The government faced a barrage of criticism yesterday after foreign media reported that former prime minister Yingluck Shinawatra was in London, not in Dubai as suggested by senior regime figures.
CNN reported Friday that Yingluck was in London seeking political asylum, while Deputy Prime Minister Prawit Wongsuwon said Thailand had already asked Interpol for help in finding her.
The US-based news outlet, quoting a source in the Pheu Thai Party, said she had left Dubai for London two weeks ago and was there to seek political asylum, confirming a Reuters report on Thursday she had left Dubai for London on Sept 11.
Gen Prawit said Friday he did not know if Yingluck was in London. He said the Foreign Ministry had reported she was in Dubai and had not given him an update.
Commenting on the report she was in London, he said, he had no idea on the present status of Yingluck in England.
Still, the United Arab Emirates (UAE) earlier promised the Thai government that it would prevent Yingluck from carrying out any political activities from the country, Gen Prawit added.
Deputy police spokesman Pol Col Kritsana Pattanacharoen said Friday police are stepping up efforts to locate Yingluck after the Supreme Court issued a warrant for her arrest after it handed her a five-year jail term in absentia for her failure to stop graft in her administration’s government-to-government rice stock sales.
“Police have sent a request to the Foreign Ministry to consider revoking Yingluck’s passport,” he said.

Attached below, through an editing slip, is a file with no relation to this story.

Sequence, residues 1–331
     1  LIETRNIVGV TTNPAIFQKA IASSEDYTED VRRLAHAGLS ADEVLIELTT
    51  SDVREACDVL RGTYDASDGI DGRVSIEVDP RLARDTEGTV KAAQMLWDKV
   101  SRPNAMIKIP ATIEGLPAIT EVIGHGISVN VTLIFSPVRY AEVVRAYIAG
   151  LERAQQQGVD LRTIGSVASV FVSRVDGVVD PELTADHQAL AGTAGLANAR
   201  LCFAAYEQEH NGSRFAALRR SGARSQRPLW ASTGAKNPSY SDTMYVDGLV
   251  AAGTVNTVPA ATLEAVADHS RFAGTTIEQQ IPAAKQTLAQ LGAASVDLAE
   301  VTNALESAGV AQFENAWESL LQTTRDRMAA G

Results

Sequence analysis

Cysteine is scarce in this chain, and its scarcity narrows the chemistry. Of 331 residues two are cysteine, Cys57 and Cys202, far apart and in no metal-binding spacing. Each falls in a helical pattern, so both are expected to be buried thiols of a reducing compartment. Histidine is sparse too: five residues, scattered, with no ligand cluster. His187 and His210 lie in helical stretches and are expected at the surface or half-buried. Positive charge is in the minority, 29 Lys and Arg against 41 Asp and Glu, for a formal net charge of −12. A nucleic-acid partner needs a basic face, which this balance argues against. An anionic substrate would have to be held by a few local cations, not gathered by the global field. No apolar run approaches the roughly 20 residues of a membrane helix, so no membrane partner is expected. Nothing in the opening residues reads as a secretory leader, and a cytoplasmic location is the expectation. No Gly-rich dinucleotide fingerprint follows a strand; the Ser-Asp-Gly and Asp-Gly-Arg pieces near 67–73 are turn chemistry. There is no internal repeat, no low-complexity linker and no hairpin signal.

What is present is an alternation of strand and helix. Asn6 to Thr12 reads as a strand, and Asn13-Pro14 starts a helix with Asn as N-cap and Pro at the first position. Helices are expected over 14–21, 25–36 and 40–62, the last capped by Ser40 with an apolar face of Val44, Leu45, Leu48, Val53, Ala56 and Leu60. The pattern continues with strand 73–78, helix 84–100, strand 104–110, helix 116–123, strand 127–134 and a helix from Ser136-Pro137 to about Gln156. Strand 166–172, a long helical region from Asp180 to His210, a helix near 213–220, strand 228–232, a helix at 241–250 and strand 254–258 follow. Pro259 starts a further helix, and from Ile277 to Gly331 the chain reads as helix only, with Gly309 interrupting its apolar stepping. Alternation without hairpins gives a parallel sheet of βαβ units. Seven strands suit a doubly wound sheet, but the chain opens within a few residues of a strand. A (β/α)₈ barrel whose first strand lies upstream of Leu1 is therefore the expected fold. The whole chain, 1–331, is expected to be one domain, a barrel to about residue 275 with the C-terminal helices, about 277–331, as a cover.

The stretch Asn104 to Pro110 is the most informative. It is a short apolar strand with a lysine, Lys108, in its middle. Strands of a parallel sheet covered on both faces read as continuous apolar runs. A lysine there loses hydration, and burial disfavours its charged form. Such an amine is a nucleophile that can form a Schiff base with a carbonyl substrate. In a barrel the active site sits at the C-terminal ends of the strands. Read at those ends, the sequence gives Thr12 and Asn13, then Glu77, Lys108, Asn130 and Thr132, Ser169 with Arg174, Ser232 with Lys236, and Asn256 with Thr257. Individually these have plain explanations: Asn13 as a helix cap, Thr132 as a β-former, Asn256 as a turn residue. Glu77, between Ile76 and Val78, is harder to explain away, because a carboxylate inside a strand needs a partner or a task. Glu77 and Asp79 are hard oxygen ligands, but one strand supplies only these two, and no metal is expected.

Police have also asked Interpol to issue an international alert, known as a Blue Notice, to its 190 member countries to locate Yingluck, Pol Col Kritsana said.
Thailand has an extradition treaty with the United Kingdom but not with the UAE.
Foreign Ministry spokeswoman Busadee Santipitaks said the ministry will proceed with the cancellation of her passport only when law enforcement agencies — the police, and the court — request it.
For her extradition, Ms Busadee said police must ask prosecutors to seek it when her whereabouts are confirmed and it also needs to consider whether the country she takes shelter in has an extradition treaty with Thailand.
Former Democrat Party MP Watchara Phetthong said the Foreign Ministry must be quick to explain to the international community that Yingluck is not an asylum-seeker, but a convict fleeing from justice.
The ministry must explain that court proceedings were transparent and fair and Yingluck was given her right to form a team of lawyers to fight the case, Mr Watchara said.
Despite her previous assurances she would not flee, Yingluck escaped shortly before Aug 25 when the Supreme Court’s Criminal Division for Holders of Political Positions was originally scheduled to deliver the ruling on her government’s loss-ridden rice-pledging case. The court then postponed the ruling to Wednesday, when it handed down a five-year jail term.
The ministry must also summon and inform the British ambassador of the government’s position on the matter, he said.
A source at the Office of Attorney-General said Yingluck has the right to seek asylum in any country and it is up to that country as to whether it is granted.
Thailand will not enter a dispute with any country in which a citizen seeks asylum since it might plunge the country into a diplomatic conflict, the source said.